Playing a part in socio-economic development is a pillar of our community engagement policy. Accordingly, Total has identified several commitments as priorities for social welfare, with education ranking at the top of the list. Our international subsidiaries therefore support numerous programs relating to education. One example is Total E&P Congo, which is deploying initiatives at several different levels of the Congolese education system – a concrete means of diversifying the ways in which it creates value for the host country.
Giving Young People Access to Independence, Training & Jobs: A Major Cause for Total
Total operates in 130 countries around the world. In each one, we are committed to consolidating our local roots by providing training to assist young people in gaining access to employment as their stepping stone to finding their place in society. We view this as one of our priority social welfare commitments and an extension to our business operations themselves, because it is our way of securing the future of the regions in which we operate. From secondary school to higher education and vocational training, our educational initiatives are designed as part of a long-haul effort to build skills, establish academic excellence programs and create vocational pathways for the benefit of our future employees and, more broadly, society as a whole.
Total E&P Congo: a Longstanding Commitment to Education
Our local subsidiary has been established the Republic of the Congo since 1968 and has a longstanding commitment to education, a major thrust of our community engagement strategy. The fact is that the learning environment is in dire straits in the Republic of the Congo due to recurring infrastructure problems. So if there is one area in which we, as a responsible oil and gas operator, can help, education is definitely it.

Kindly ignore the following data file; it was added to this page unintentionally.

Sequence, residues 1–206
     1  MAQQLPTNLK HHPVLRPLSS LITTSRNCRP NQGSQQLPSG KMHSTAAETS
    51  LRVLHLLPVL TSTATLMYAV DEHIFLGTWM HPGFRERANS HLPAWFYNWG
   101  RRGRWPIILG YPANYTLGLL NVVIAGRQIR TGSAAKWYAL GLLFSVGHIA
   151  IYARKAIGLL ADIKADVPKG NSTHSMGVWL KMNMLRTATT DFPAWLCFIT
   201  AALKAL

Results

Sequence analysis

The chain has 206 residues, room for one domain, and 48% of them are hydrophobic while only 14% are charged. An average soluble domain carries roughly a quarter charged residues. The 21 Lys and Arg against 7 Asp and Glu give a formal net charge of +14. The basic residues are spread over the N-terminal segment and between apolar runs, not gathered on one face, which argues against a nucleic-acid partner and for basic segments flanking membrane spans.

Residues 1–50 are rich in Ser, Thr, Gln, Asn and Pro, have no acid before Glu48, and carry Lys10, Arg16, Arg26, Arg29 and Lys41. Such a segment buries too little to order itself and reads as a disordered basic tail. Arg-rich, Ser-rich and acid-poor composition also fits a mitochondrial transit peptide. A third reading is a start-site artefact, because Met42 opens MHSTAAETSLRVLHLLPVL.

High-school classes for gifted students
TEP Congo has always made a point of identifying promising young talents and helping them to realize their potential by putting them in a conducive learning environment. In addition, we have consistently sought to play an active role in the development of research and teaching.
We rolled out our first major “official” training program for Congolese citizens in 2009. It was designed in response to Total’s recruitment needs and to the longer-term need to enlarge the faculty of Marien Ngouabi University in Brazzaville.
Our idea was to work hand in hand with the local Board of primary and secondary education in Pointe-Noire and the French Charlemagne High School to create “gifted and talented” classes that would give the most deserving students the best possible material conditions for taking the country’s local version of the scientific baccalauréat exam. In addition, students in these classes have the opportunity to take the French baccalauréat exam, which maximizes their chances of being admitted to the most prestigious schools of higher education both in the Congo and abroad.
The “gifted and talented” classes were set up as part of the Victor Augagneur High School in Pointe-Noire. We refurbished parts of the school, including building laboratories. Students may apply to take a competitive exam during their final year of middle school (around age 15) to gain admission to the “gifted and talented” classes, which then offer a complete curriculum covering the three years of high school. Under the direction of the high school principal, faculty members who teach the gifted and talented classes receive special training at the Lycée Français to become familiar with its best practices. Several technical committees meet during the year in the presence of our partners to provide regular follow-up.